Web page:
Harlem Finally Will Get a Dealership and It's a Whopper

NEW YORK - There has not been an auto dealership north of 57th St. in Manhattan for more than three decades, despite a population that's larger than Atlanta. The Harlem Auto Mall is designed to fill that gap. General Motors Corp. will help develop the $42 million, 3-story auto mall in Harlem, home to 400,000 largely minority persons who have not had community access to a car dealership in more than

NEW YORK - There has not been an auto dealership north of 57th St. in Manhattan for more than three decades, despite a population that's larger than Atlanta.

The Harlem Auto Mall is designed to fill that gap.

General Motors Corp. will help develop the $42 million, 3-story auto mall in Harlem, home to 400,000 largely minority persons who have not had community access to a car dealership in more than three decades.

The proposed 280,000-sq.-ft. location is bounded by 127th and 128th Streets and Second and Third Avenues. It was formerly a salt-storage area for winter storm use. About 350,000 vehicles drive by daily.

The announcement of the new mall drew an assortment of dignitaries including GM Chairman Rick Wagoner, New York Mayor Mayor Michael Bloomberg and Rev. Jesse Jackson, who says the proposed facility will break a “redline barrier.”

Plans are for a mall housing Chevrolet-Saturn and Cadillac-Hummer dealerships, plus two other franchises to be announced. Wagoner declines to say how much GM will contribute to the project.

Government leaders collaborated with megadealer Potamkin Auto Group and GM to clear the way for acquiring the property and provide tax abatements and incentives to make the project economically viable.

Bloomberg says that includes an issue of $21 million in tax-exempt bonds. He says the mall “will have a tremendous impact on the economic health” of the area, creating 250 new jobs with the potential for more as new franchises sign on.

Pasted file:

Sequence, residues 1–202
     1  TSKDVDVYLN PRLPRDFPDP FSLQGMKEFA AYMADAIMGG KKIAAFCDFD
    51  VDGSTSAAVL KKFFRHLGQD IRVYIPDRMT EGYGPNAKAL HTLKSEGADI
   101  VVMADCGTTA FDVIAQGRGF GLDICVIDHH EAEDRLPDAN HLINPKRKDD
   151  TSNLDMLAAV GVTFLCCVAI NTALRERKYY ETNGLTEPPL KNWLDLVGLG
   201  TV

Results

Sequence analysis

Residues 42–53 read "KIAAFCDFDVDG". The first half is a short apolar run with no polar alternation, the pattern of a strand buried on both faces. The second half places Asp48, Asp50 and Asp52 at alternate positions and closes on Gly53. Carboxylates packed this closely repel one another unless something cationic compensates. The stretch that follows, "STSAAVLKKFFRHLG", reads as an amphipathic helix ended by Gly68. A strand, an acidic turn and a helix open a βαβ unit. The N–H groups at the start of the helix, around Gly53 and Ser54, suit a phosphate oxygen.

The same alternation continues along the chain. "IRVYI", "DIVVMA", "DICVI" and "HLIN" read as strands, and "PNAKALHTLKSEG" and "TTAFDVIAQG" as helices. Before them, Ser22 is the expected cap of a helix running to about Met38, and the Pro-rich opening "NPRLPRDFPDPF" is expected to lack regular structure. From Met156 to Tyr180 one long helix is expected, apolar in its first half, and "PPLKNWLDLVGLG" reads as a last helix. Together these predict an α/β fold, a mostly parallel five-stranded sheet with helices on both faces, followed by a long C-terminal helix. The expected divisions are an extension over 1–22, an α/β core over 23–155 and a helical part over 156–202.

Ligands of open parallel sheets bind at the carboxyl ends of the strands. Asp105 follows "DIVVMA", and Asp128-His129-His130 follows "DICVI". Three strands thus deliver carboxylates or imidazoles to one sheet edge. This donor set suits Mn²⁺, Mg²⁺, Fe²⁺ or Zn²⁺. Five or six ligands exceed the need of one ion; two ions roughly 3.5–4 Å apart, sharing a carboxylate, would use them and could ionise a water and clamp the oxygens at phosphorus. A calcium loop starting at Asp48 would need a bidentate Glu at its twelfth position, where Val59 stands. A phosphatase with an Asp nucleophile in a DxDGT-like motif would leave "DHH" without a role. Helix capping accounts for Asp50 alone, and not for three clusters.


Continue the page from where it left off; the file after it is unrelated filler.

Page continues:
Potamkin says the jobs will include high-paying sales, service and support personnel positions. Rev. Jackson has been pressuring car makers for five years to build inner city dealerships. “We are proud that GM's leaders have adopted our recommendation,” he says.

But he labels GM's effort as just a start, and says he will prod DaimlerChrysler AG and Ford Motor Co., as well as other car manufacturers, to build dealerships in the area and encourage minority ownership.

“It is not enough to be customers, but (minority residents) must also be stakeholders,” he says.

GM and Potamkin say their goal is to make that happen.

Wagoner says the Chevrolet-Saturn dealerships will be minority-owned and are being developed as part of GM's minority dealer development program. An owner of the Chevrolet-Saturn store won't be named until later.

The Cadillac-Hummer operation will be owned by Potamkin Cadillac Hummer of Manhattan LLC, an affiliate of the Potamkin Auto group that owns six GM franchises on 11th Ave. in Manhattan.

Potamkin says the Harlem store will be developed under the Potamkin minority-dealership program. There are currently seven minority partners in the group, and when the Harlem Mall is completed there will be 10 minority partners managing 21 franchises.

GM's minority-development program was established in 1972 and is the longest-running program of its type, Wagoner says. GM has 379 minority-owned and operated dealerships.

More than 88% were profitable at the end of 2002, moving up from 84% at the end of 2001 and about on par with the rest of GM's dealers. A record 18% of GM's minority dealers are members of its Million Dollar Club - which equates to earnings of more than $1 million before bonuses and taxes.

Sales by its minority-owned dealers, 72% of whom own 100% of their businesses, accounted for 236,000 vehicles and revenues of $11.6 billion last year. Those dealerships employ more than 17,000 people.

But a GM insider predicts the Harlem Chevrolet-Saturn store could generate at least 2,000 sales annually.

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